USU Lyric’s Clybourne Park has run in Black Box Theatre

Clybourne Park (USU)
Clybourne Park (USU)
Clybourne Park (USU)

Bruce Norris’ Pulitzer Prize and Tony Award-winning play, Clybourne Park, is now playing at Utah State University. The Lyric Repertory Company (Lyric), part of the Caine College of the Arts at USU, features their third venue of the season—the Black Box Theatre.

The Lyric opened the 2019 season with Lorraine Hansberry’s groundbreaking play, A Raisin in the Sun. Clybourne Park portrays fictional events set immediately after A Raisin in the Sunand 50 years later. The play is loosely based on historical events that took place in the city of Chicago. Act One takes place in 1959, as white community leaders anxiously try to stop the sale of a home to a black family. Act Two is set in the same house in 2009, as the now predominantly African-American neighborhood battles to hold its ground in the face of gentrification.

“Bruce Norris writes this play from the ‘off-stage’ perspective of A Raisin in the Sun,” Adrianne Moore, director of the show and artistic producer of the Lyric, said. “He’s essentially giving us a behind-the-scenes look at the simultaneous action in another Chicago neighborhood.” 

Moore notes that we are introduced to the Caucasian family who sold their house to the African-American family. Karl Lindner, the only character who appears in both A Raisin in the Sunand Clybourne Park, tries to persuade the sellers to cancel the sale, which is met with refusal. 

“This leads to a long conversation about the nature of community,” Moore said. “A lot of the people don’t see themselves as racist, but are profoundly shaken about the idea of an African-American family moving into their neighborhood.”

Moore said the show also looks at what society views as “other” in a number of different ways, including race, disabilities and mental health. 

A Raisin in the Sun and Clybourne Park are by extremely different writers, but this connection of looking at a particular period of history, specifically how it relates to housing, is fascinating,” Moore said. “Norris is very interested in the themes Lorraine Hansberry writes about, but he also makes a real character out of the Clybourne Park house.”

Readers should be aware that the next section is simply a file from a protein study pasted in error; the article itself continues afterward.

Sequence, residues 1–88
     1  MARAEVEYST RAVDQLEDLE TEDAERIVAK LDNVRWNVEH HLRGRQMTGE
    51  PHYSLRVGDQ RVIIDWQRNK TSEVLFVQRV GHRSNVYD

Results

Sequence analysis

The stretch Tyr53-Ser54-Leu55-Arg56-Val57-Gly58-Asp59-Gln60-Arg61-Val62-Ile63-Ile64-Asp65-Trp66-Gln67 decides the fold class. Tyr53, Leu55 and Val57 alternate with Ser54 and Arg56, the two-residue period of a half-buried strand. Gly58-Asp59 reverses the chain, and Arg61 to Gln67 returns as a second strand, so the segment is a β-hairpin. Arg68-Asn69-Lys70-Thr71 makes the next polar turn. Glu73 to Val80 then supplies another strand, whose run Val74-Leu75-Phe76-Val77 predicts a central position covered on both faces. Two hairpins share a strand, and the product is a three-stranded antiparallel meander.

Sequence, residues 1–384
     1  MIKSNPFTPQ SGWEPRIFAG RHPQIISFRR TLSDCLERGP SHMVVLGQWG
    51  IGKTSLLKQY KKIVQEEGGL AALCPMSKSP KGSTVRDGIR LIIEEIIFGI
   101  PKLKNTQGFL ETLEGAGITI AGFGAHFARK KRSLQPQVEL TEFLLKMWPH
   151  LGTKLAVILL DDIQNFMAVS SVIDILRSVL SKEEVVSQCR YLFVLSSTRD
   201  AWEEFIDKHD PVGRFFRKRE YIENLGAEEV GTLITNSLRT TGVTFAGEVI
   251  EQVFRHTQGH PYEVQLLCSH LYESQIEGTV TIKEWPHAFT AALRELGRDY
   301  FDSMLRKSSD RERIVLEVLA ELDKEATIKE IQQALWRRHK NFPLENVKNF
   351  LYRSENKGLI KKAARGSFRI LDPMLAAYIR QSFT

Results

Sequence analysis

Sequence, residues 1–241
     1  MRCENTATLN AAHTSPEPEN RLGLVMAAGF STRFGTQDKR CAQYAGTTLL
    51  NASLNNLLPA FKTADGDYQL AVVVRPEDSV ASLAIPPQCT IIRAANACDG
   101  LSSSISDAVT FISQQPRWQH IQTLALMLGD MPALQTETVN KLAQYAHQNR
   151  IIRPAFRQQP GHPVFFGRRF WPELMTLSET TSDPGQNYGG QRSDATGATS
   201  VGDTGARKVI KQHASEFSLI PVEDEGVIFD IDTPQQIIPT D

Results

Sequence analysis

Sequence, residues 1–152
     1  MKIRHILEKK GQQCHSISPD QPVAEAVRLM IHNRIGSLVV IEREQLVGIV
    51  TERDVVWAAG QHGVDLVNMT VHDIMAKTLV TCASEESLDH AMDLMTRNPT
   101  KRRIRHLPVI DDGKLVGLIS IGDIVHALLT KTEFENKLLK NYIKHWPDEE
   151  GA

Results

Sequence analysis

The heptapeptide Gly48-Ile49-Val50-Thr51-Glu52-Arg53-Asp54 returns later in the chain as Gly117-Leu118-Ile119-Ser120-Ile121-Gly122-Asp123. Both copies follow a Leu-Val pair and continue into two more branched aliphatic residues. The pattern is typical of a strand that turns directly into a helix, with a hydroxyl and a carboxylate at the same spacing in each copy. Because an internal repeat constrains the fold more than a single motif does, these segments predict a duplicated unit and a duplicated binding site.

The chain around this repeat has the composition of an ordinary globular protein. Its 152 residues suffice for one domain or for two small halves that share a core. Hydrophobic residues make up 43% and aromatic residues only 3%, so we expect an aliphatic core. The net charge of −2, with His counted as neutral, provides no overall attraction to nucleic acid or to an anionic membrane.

One of the real challenges of this show is designing a set that features a complete house, with many different doors, Moore notes. During intermission fifteen minutes later, the crew has to essentially “demolish” the house for Act Two. 

“This show is incredibly funny,” Moore said. “Whenever someone new watches the show, they giggle all the way through. It’s also a very subtle play. There are some shows where we leave patting ourselves on the back thinking we wouldn’t exhibit any of the attitudes or behaviors the villains in the play do. In this show, there is a lot more possibility of increasing self-awareness about what our role is in this egalitarian society.”

The Lyric 2019 season also includes A Raisin in the SunMamma Mia!Murder for TwoThe Great Society (Staged Reading) and Size Matters. The season runs June 14-August 3.

For more information or to purchase tickets for the 2019 season, go online to Visit the Caine Lyric Theatre Box Office at 28 W. Center Street on Mon.-Sat. from 10 a.m.-5 p.m until August 3 (435-797-8022) or the Spectrum Box Office at 7600 Old Main Hill on Mon.-Fri. from 10 a.m.-5 p.m. (435-797-0305). 

Stuart is the founder, writer and wrangler at several sites including Gastronomic SLC, Utah Now and, The Utah Review; Stuart is a former restaurant critic of more than five years, working for the Salt Lake Tribune and has worked extensively with other local publications from Utah Stories through to Salt Lake Magazine and Visit Salt Lake.